Should Jews Be Embarrassed about the Institution of the “Shabbos Goy”?

It was once common for synagogues and Jewish families to employ a Gentile—known as a shabbos goy—to perform tasks prohibited on the Sabbath, a phenomenon that was the subject of a book by the outstanding Jewish historian Jacob Katz (1904-1998). Allan Arkush reflects on the book and on the halakhic loophole it describes:

Why, one might wonder, should there be a book about something like the shabbos goy? Isn’t the whole concept just a silly piece of rabbinic hypocrisy, nothing but a legal ruse to get around problems posed by the divine prohibitions of labor on the Sabbath by having a Gentile do the work for you? How much can there possibly be to say on the subject?

Well, it is a fairly short book—but it is rich in content and should disabuse any of its readers of the idea that the shabbos goy is a bit of a disgrace to Judaism. It is not a wink-wink subversion of God’s law. The main problem the rabbis faced, according to Katz, was one that they believed to be of their own—not God’s—making. “In the original terminology [from the talmudic tractate of Shabbat], telling a Gentile [to perform creative labor for a Jew on the Sabbath] is a rabbinic prohibition.” It “is not included in the Sabbath observance as laid down in the Torah,” which pertains only to the people of Israel. What they struggled to get out of, when it was necessary, was a trap of their own making.

The subtitle of Katz’s book is A Study in Halakhic Flexibility. His subject is the way in which leading rabbis over the centuries, from ancient Babylonia to 19th-century Russia and Hungary, endeavored both to maintain as much of the traditional law as possible and to accommodate themselves to changing economic, technological, and social circumstances. . . .

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Read more at Jewish Review of Books

More about: Halakhah, Jewish history, Shabbat

Condemning Terrorism in Jerusalem—and Efforts to Stop It

Jan. 30 2023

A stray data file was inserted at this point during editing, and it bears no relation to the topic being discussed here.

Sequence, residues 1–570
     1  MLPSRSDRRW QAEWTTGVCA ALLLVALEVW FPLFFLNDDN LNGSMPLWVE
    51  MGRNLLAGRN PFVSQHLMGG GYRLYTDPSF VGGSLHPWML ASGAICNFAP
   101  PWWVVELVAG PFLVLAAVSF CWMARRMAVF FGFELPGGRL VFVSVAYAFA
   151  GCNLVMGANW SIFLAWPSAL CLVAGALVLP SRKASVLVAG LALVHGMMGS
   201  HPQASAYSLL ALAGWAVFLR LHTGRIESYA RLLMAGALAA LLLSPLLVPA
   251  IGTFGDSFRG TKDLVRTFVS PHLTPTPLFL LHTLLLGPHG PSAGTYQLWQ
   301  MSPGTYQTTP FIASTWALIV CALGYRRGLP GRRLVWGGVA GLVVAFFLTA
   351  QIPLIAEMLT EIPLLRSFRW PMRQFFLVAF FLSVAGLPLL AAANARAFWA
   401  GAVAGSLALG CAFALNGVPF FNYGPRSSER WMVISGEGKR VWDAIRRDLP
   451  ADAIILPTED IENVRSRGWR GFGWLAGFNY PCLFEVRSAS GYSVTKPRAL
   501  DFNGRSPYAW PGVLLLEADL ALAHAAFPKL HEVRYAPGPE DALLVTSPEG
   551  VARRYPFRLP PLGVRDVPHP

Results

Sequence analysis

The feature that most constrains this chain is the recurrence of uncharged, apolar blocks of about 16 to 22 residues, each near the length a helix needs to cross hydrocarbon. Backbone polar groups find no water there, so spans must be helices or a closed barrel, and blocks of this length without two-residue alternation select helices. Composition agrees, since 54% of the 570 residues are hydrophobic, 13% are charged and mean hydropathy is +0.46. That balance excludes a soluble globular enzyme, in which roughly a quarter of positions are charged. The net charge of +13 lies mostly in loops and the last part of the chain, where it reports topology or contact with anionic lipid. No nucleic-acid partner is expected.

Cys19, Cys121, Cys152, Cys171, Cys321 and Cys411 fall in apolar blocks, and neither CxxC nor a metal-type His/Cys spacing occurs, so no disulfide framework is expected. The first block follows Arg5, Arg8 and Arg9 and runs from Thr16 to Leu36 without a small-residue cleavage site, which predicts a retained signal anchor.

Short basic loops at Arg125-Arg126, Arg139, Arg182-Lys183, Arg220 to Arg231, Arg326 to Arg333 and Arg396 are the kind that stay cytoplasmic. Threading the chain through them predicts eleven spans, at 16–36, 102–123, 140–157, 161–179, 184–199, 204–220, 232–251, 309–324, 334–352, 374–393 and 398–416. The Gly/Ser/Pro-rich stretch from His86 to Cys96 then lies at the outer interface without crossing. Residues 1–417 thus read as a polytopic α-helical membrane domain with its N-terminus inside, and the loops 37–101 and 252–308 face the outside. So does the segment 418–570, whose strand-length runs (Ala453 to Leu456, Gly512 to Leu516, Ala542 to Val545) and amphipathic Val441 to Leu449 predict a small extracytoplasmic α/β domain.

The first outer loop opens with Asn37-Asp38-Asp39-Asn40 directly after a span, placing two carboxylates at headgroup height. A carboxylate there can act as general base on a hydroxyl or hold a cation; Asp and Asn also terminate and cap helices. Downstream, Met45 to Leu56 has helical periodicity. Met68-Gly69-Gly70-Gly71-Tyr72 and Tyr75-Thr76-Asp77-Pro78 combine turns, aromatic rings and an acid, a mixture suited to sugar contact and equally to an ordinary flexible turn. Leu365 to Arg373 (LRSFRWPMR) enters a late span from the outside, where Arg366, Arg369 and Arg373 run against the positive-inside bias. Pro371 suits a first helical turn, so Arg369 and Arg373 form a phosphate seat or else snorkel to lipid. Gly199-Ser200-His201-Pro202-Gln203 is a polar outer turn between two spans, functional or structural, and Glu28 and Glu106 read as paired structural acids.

On Friday night, a Palestinian opened fire at a group of Israelis standing outside a Jerusalem synagogue, killing seven and wounding several others. The day before, the IDF had been drawn into a gunfight in the West Bank city of Jenin while trying to arrest members of a terrorist cell. Of the nine Palestinians killed in the raid, only one appears to have been a noncombatant. Lahav Harkov compares the responses to the two events, beginning with the more recent:

President Joe Biden called Prime Minister Benjamin Netanyahu to denounce the attack, offer his condolences, and express his commitment to Israel’s security. Other leaders released supportive statements as well. Governments across Europe condemned the attack. Turkey’s foreign ministry did the same, as did Israel’s Abraham Accords partners the UAE and Bahrain. Even Saudi Arabia released a statement against the killing of civilians in Jerusalem.

It feels wrong to criticize those statements. . . . But the condemnations should be full-throated, not spoken out of one side of the mouth while the other is wishy-washy about what it takes to stave off terrorism. These very same leaders and ministries were tsk-tsking at Israel for doing just that only a day before the attacks in Jerusalem.

The context didn’t seem to matter to some countries that are friendly to Israel. It didn’t matter that Israel was trying to stop jihadists from attacking civilians; it didn’t matter that IDF soldiers were attacked on the way.

It’s very easy for some to be sad when Jews are murdered. Yet, at the same time, so many of them are uncomfortable with Jews asserting themselves, protecting themselves, arming themselves against the bloodthirsty horde that would hand out bonbons to celebrate their deaths. It’s a reminder of how important it is that we do just that, and how essential the state of Israel is.

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Read more at Lahav’s Newsletter

More about: Jerusalem, Palestinian terror